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Kevin Sutherland’s impact on American University will live on forever.

The school made sure of that last summer when his name was unveiled on a plaque that hangs outside the door of its student government office — now officially renamed the Kevin J. Sutherland Executive Office — and the university’s College Democrats Club backed up that action on Dec. 1 when they named their annual banquet after him.

Kevin’s parents, Doug and Theresa Sutherland, were in attendance, as was U.S. Sen. Chris Murphy, along with dozens of friends who recalled what the fallen peer meant to them individually and how he helped shaped American University going forward in the 21st Century.

“It was hard for us to find stuff to do because he had already done everything — he set the bar that high,” said Kathryn Tinker, who served under Sutherland when he was AU College Democrats Club’s communication director before eventually taking over his post when he left to become the secretary of American University Student Government (AUSG).

“He overhauled the communication on campus — he made it professional and organized. He designed our club’s logo, he created a new website, he made posters, he started our first-ever newsletter,” she added.

“And when I say he made posters, he printed them and he put them up. We’d offer to put them up and he wouldn’t even let us freshman minions do that. …

“He was the reason why people showed up to our events.”

The 24-year-old Trumbull native was killed during an apparent robbery on July 4 in Washington, D.C. He graduated from AU in 2013, working as an intern for U.S. Rep. Jim Himes in his senior year.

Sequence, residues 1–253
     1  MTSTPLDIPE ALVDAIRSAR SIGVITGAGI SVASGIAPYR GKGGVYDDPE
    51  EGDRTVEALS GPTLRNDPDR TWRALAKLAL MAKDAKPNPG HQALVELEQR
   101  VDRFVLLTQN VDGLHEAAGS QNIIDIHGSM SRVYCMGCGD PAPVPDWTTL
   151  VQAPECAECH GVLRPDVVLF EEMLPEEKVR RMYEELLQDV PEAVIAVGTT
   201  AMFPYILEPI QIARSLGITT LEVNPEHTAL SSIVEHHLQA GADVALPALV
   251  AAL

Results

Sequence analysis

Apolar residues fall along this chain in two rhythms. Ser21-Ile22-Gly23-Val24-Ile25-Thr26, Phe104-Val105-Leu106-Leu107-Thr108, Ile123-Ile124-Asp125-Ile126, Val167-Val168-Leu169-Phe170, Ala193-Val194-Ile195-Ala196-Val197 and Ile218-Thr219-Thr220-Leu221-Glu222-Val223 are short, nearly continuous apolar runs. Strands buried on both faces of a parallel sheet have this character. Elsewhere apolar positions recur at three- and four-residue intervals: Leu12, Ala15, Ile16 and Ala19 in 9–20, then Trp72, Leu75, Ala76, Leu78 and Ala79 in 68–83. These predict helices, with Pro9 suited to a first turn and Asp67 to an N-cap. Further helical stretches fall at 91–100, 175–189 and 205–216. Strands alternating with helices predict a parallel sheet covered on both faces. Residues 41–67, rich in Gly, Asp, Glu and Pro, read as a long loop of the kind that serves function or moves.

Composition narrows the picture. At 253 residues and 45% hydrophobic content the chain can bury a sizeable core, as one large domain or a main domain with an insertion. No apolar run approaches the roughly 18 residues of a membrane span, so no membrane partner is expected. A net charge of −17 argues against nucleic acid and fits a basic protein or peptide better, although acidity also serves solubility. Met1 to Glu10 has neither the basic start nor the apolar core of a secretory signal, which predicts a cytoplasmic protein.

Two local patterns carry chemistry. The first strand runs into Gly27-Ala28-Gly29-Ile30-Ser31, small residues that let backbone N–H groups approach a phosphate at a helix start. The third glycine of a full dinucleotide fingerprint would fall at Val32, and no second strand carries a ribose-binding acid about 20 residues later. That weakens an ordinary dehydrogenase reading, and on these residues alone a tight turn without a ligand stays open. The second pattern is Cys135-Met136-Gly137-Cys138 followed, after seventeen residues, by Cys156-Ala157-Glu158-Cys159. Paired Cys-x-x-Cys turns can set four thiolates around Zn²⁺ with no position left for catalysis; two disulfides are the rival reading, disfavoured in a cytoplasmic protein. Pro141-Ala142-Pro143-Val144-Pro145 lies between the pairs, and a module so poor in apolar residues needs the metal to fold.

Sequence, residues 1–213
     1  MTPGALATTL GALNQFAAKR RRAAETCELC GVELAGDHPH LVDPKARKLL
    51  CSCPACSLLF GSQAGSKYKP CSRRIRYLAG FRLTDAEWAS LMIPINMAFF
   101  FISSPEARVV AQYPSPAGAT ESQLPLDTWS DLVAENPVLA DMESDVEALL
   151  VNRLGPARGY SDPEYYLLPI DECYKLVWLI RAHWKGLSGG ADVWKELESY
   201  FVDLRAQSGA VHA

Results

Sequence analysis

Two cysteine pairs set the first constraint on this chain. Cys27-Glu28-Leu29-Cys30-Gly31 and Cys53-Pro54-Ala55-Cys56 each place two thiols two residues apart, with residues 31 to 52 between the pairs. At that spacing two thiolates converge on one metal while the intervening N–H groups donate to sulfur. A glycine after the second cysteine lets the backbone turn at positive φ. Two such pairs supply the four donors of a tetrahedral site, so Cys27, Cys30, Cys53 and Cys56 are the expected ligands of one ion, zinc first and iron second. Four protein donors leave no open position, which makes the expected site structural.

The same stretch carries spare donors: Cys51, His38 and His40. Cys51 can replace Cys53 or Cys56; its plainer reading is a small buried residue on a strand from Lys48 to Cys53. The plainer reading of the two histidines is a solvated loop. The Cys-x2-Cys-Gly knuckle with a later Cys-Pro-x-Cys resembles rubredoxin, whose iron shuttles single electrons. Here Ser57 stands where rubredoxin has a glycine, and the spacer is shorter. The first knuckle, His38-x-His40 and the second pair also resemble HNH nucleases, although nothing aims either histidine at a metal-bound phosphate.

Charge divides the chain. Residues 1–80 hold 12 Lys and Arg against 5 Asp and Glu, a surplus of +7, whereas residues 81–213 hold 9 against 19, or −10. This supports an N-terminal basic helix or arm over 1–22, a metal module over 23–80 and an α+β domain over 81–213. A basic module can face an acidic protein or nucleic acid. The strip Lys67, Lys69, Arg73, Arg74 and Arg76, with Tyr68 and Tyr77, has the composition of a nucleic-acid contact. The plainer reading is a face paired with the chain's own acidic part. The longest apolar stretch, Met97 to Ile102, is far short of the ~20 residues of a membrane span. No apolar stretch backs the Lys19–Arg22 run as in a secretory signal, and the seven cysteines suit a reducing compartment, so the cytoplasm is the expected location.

His parents said they continue to be  amazed and comforted by the outpouring of love and affection being shown to Kevin by his American University friends and colleagues.

After the memorial service at the Kay Spiritual Life Center on the AU campus in August, which came during the same weekend as the student government office dedication, the school printed new letterhead that honors the former student government secretary who served two terms under two different administrations.

“AU is a very special place, and it is a great honor for Kevin and his family that the AU College Democrats Club where Kevin got his start in college politics has chosen to honor him in this way,” Doug Sutherland told The Times. “We are also very grateful for the kind words that Sen. Chris Murphy spoke at the banquet.

“In honoring Kevin’s memory, he reminded all of these young people that they can make a difference in this world — if they will simply push, doors will open and their voices will be heard,” he said. “Kevin’s life demonstrated that well.”

Small reminder